Time is money on Maglev train

Source:Global Times Published: 2010-3-18 8:26:29

A Maglev train stands at a station in Shanghai on January 8, 2010. Photo: CFP

By Guo Qiang

Controversy has erupted over the possible construction of a 200-kilometer magnetic levitation train line connecting Shanghai and Hangzhou in Zhejiang Province, with critics saying the project is a waste of over 20 billion yuan.

The Ministry of Railways chief planner Zheng Jian revealed last Saturday that China has given the green light to the Maglev project, which was suspended in 2007 over environmental and cost concerns.

Opponents of the project contest it is unnecessary, as one high-speed railway has already been built, reducing the travel time to 80 minutes from two hours on a conventional train. Strengthening their argument is the fact that a new express railway, to be completed at the end of this year, will run at speeds of up to 300 kilometers per hour, cutting travel time further, to 48 minutes.

The Shanghai-Hangzhou Maglev, which requires investment of 22 billion yuan ($3,23 billion), would run at a top speed of 430 kilometers per hour, reducing the travel time by just 10 minutes to 38 minutes.

The new line will link the Shanghai South Railway Station, Hongqiao Airport, Pudong Airport and Hangzhou.

It will extend the existing 31 kilometer-long Maglev project, which connects Shanghai Pudong International Airport and the Longyang Road Station. The 1.2 billion yuan airport line, launched in 2004, is China's and the world's only commercial high-speed Maglev service.

The Zhejiang Provincial Development and Reform Commission told the Xinhua News Agency that there is no schedule for the start of construction and the project is still subject to feasibility studies.

A previous Xinhua report said construction on the project would begin this year and was expected to be finished in 2014.

The State Council gave a go-ahead to the extension in 2006, but radiation and noise concerns, and residents' fears that they would lose their property along the planned route, prompted authorities to suspend the project in 2007. The line was originally due to be finished before the 2010 World Expo in Shanghai.

Safety and cost concerns have become major reasons for other countries, including Germany, where the technology was born, to suspend Maglev train projects.

Germany has called a halt to three major Maglev projects, including the Hamburg-Berlin, Metrorapid, and Munich airport link projects, due to cost concerns.


Wang Mengshu, professor at the Tunnel and Underground Engineering Research Center at Beijing Jiaotong University, told the Global Times that Maglev trains are nothing but "transport toys."

"It is unsafe, unreliable and uneconomical,"he said, "The core issue is that an individual Maglev railway cannot join existing networks as it floats on a cushion of air, and its capacity cannot be expanded as the traditional wheel rail can.

"It is difficult to repair and maintain the trains and rescue passengers if the train is out of order. Besides, its strong radiation may cause leukemia among residents living nearby and passengers who use it,"he said.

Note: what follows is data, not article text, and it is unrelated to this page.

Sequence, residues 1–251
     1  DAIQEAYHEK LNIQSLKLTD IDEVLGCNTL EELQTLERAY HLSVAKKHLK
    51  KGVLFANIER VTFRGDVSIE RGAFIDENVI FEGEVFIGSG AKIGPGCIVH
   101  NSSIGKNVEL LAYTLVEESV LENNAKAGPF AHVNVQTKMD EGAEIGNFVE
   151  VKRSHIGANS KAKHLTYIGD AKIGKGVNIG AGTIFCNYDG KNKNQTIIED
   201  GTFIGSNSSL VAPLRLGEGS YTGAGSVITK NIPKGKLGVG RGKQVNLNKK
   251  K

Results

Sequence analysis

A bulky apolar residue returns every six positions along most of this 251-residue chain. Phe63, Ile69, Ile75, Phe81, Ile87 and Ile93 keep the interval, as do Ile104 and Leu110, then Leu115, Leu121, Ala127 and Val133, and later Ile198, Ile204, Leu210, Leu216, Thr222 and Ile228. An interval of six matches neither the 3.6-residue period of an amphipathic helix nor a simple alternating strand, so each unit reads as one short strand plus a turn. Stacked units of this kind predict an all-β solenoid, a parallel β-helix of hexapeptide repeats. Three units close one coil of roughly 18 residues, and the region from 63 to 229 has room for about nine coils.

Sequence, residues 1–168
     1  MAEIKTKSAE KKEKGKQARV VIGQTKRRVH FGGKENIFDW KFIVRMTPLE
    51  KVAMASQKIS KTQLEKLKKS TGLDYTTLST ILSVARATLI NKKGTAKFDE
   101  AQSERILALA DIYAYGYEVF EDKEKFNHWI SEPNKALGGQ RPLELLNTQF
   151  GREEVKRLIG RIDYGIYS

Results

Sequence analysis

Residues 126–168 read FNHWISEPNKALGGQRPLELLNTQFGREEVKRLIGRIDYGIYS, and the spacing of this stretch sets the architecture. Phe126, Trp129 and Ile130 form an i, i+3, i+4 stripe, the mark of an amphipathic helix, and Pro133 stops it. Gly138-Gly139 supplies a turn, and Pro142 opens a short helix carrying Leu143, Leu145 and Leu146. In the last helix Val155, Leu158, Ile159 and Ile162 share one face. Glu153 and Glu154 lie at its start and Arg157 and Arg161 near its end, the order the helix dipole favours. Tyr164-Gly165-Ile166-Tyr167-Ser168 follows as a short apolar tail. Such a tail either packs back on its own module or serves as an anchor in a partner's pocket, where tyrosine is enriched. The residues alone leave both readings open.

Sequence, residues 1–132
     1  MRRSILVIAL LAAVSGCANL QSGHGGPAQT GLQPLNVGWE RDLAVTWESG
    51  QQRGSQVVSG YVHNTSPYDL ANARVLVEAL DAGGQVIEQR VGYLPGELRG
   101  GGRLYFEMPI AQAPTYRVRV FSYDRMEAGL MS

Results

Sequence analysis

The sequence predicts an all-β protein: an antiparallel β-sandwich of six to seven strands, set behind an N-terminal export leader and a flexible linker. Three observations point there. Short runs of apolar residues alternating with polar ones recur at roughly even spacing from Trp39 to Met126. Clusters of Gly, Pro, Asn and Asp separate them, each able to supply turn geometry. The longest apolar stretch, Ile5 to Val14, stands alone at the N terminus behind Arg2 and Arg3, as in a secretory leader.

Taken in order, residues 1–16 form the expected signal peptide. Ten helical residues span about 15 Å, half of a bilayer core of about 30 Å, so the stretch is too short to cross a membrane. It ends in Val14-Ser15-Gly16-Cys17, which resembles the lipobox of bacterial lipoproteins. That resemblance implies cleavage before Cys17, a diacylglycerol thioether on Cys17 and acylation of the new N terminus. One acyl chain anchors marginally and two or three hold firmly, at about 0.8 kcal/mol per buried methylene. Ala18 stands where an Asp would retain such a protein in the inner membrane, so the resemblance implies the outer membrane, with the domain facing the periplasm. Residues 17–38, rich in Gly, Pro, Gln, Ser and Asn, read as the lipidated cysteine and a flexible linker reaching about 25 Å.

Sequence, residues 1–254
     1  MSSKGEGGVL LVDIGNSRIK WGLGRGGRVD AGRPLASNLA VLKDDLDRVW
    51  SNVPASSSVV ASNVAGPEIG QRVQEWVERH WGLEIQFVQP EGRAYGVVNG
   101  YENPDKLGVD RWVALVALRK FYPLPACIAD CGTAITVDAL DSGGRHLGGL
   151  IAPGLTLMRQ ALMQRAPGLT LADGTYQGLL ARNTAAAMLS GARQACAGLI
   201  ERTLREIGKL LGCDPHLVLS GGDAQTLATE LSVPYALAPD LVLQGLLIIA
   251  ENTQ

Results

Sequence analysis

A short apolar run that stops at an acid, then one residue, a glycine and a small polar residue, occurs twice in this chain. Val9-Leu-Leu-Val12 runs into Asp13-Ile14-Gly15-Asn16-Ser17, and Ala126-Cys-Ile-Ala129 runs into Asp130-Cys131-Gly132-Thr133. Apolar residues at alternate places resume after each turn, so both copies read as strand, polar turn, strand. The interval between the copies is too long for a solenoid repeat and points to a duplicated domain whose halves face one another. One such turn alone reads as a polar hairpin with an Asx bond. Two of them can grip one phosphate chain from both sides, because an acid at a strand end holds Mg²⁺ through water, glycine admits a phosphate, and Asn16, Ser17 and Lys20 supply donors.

The Shanghai environmental authority said earlier that scientific research and experiments showed that there is virtually no electro-magnetic radiation five meters away from the railway. As for the noise issue, the trains can run slower in downtown areas, and speed up in suburban areas.

Wang told the media that, not long after it began operating, it cost a staggering 90 million euros to update aging coils on the line, and one billion yuan has so far been used to cover equipment updates.

According to Wang, the Shanghai Maglev Transportation Development Co, which owns the airport line, has been straddled with 7 billion yuan in asset debts and its annual operational debt could be up to 70 million yuan.

Fueled by the government's mammoth 4 trillion yuan stimulus package, a proposed nationwide high-speed passenger-rail network aims to drive China's economy. In the blueprint outlined by railway officials, China's passenger network could be increased to 12,000 kilometers by 2020.

The 350-kilometer-per-hour railway linking Wuhan and Guangzhou and a 1,318-kilometer Beijing-Shanghai line, set to open in 2012, are symbols of the government's railway construction ambitions.

Critics have said the high costs of the plans mean China would eventually have to face up to a railroad-debt crisis.

The government has denied that the railway network will be a drag on the economy in the long term.



Although doubts over the Maglev project are prevalent, proponents of the project argue it could help optimize resource allocation in theYangtze River Delta region, that includes Shanghai, Jiangsu Province and Zhejiang Province in the south.

Sun Zhang, professor at the Urban Rail Transit and Railway Engineering Department at Shanghai Tongji University, is one of the proponents. He said construction of the Maglev railway could inject huge momentum into economic development in theYangtze River Delta region.

He said there are currently only two railways lines between Shanghai and Hangzhou, compared to six lines between Shanghai and Nanjing.

"The Maglev railway can also help increase the country's strategic oil reserves because Maglev trains are magnetically driven while airplanes, the Maglev train's biggest competitor, use oil,"he said.

He refuted charges that the Maglev railway damages the environment, saying the noise from the Maglev railway is less than that of conventional trains.

"The truth often lies in the hands of a few. Despite the controversy, I believe the Maglev trains' advantages outweigh the disadvantages,"he said.

Local authorities reportedly believe that the new line would reverse the loss on the 31 km demonstration line, as the extension will bring more passengers.

Song Shengxia contributed to this story

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